As expected, Microsoft went all social on us with the introduction of its Kin devices, which were the oft-leaked Project Pink phones. From now on, Microsoft’s Pink phone lineup will be known as Microsoft Kin phones.
Both of the former Microsoft Pink devices are made by Sharp and can be considered the next generation of the Sidekick. The handsets fit mainly into the feature phone category but there are enough social-networking features to make you forget that there won’t be an application store. First off, the main home screen is called “Loop,” and it provides a stream of all your e-mails, text messages, and social network updates from Facebook, MySpace, etc. Think of this as Microsoft’s answer to MotoBlur.
There’s also a feature called “Spot” that tries to make it easier to share content with your friends. There’s an omnipresent dot on the bottom of you screen and you can simply drag videos, photos, web pages, etc. on the Spot, and then drag the friends you’d like to share it with via SMS or e-mail. One of the cooler features is “Kin Studio,” which will automatically upload your geo-tagged photos and videos to the cloud. Getting photos off my phone isn’t exactly hard but it can be a pain to do or to remember. This service will throw all your photos online automatically and display these pics in a time line-based interface.
The Kin 1 is the lower-end device and it was aptly code-named “Turtle” because it has a Pre-like shape and sliding mechanism. The Kin 1 rocks an operating system that has Windows Mobile at its roots, but Microsoft is not marketing or talking much about the OS. It has a Tegra 1 chipset, capacitive touch screen with QVGA resolution , full QWERTY keyboard, a 5-megapixel camera, stereo Bluetooth, FM radio, integration with Zune for media playing (hello Zune Pass on the go) and 4 GB of internal storage. Microsoft said the relatively-puny amount of storage shouldn’t be a problem because of the cloud-based nature of the device for photos and media – Kin automatically uploads photos and videos to the Kin Studio cloud-based web interface, which serves as backup and remote media access portal. I agree with this to a certain extent but feel it would have been nice to get more memory out of the gates just in case.
As far as in-hand feel is concerned, the Kin 1 makes good on its goal to be a super-compact handset designed for one-handed use. The keyboard reminds us of the Hiptop/Sidekick handsets of yore, with a nice curvature and slight concavity that makes it comfortable yet compact – key placement is a little far apart for our tastes, but tactile feedback is superb. The slide mechanism has a confident spring-assisted feel, but we can see it getting loose and jiggly with enough wear and tear. The camera shutter button placement is a little awkward – it’s placed on a downward-sloping edge, making it somewhat cumbersome to depress without fumbling with the phone. The recessed 3.5mm headphone jack shouldn’t pose any problems, but certainly looks a little funny compared to the rest of the smooth lines and flush surfaces of the Kin 1.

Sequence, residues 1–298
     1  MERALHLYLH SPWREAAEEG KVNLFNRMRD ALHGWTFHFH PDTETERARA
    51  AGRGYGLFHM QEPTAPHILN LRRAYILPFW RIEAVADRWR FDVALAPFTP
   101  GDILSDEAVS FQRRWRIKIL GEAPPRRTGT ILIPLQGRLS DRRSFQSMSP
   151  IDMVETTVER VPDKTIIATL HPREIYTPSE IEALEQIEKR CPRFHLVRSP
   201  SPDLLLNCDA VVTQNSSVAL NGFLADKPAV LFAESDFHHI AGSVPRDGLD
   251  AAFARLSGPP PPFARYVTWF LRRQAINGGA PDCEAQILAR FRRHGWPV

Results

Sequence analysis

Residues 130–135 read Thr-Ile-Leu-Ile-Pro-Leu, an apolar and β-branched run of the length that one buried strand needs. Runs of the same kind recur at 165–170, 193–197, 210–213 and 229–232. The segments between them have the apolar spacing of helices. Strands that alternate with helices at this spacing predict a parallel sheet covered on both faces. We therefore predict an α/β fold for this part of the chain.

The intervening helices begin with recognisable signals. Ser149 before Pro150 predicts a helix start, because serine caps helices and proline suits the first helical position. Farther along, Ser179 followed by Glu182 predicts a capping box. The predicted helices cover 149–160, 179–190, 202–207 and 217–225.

The rear of the phone is coated in a matte, rubberized finish that gives the phone good tactile feel. You also get the sense that the operating system is working in decent harmony with the processor. We’re not told how fast the Tegra 1 processor is running in the Kin 1, but the idea is that it doesn’t matter if the UI performs well and hiccup-free.
Overall, the Kin 1 is better than a featurephone, but won’t satisfy those with a real need for smartphones. The snazzy UI, powered by NVIDIA’s Tegra 1 chipset, reminds us a bit of Windows Phone 7, and it performs well. Screen rotations were a bit choppy, but the UI in general performed smoothly and as expected. It’s no iPhone UI, but it’ll do for the Kin lineup.
Keep in mind, that there’s no calendar, no instant messaging, no app store, and there’s no way to customize the device. If you need a real smartphone, look elsewhere. If you need a socially-connected featurephone with the chops to handle all your photo and video needs, the Kin phone is for you. Check out the Kin 2 hands-on coverage here!